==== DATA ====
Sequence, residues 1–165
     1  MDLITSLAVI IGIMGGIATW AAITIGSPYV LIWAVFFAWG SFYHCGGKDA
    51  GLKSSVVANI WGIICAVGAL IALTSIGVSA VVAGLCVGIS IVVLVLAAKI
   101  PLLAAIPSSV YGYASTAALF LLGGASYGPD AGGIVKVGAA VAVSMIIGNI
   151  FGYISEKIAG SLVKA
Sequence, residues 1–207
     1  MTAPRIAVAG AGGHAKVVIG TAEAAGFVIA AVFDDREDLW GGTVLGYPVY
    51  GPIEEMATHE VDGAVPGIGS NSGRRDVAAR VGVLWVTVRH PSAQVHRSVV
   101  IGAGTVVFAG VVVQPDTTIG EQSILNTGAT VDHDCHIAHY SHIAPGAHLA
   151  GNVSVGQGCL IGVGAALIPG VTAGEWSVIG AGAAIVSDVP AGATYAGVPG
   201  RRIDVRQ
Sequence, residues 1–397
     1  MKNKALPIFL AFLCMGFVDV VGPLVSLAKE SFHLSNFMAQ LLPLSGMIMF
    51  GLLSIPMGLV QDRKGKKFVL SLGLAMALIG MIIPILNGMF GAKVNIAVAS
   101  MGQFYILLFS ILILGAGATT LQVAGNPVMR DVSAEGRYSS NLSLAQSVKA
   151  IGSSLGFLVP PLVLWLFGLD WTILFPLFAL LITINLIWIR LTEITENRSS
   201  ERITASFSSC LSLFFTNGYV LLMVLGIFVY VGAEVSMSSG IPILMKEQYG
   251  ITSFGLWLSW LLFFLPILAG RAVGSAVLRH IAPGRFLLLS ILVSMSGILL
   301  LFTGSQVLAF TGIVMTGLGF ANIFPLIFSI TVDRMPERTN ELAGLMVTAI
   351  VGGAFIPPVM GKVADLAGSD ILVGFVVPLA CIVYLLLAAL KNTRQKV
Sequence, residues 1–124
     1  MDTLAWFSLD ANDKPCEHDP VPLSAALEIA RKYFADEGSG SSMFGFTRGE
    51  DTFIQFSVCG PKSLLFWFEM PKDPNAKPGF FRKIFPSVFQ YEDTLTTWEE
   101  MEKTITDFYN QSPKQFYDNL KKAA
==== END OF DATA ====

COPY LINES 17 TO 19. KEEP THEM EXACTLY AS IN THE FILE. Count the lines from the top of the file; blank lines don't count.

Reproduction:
   201  ERITASFSSC LSLFFTNGYV LLMVLGIFVY VGAEVSMSSG IPILMKEQYG
   251  ITSFGLWLSW LLFFLPILAG RAVGSAVLRH IAPGRFLLLS ILVSMSGILL
   301  LFTGSQVLAF TGIVMTGLGF ANIFPLIFSI TVDRMPERTN ELAGLMVTAI